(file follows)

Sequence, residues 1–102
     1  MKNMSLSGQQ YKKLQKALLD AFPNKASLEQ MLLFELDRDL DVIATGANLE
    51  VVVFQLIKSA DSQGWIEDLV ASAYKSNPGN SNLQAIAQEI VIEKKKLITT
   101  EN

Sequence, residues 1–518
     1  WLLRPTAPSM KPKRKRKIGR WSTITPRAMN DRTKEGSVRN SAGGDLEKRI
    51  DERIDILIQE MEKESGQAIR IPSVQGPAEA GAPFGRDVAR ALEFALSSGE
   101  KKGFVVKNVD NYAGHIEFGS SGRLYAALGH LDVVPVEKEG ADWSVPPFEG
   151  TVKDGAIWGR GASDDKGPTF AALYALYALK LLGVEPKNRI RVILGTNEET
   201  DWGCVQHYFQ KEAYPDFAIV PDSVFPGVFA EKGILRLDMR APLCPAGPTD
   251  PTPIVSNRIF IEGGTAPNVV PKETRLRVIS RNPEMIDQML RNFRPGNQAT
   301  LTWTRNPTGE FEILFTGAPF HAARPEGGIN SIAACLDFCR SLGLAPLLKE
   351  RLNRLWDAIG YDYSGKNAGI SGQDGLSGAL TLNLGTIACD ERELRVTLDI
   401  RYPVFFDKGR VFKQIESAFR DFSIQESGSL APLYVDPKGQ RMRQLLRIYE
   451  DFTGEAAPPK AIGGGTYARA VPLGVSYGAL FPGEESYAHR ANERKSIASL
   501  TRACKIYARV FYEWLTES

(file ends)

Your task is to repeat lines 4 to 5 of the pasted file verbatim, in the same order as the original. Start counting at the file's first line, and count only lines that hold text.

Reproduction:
   101  EN

Sequence, residues 1–518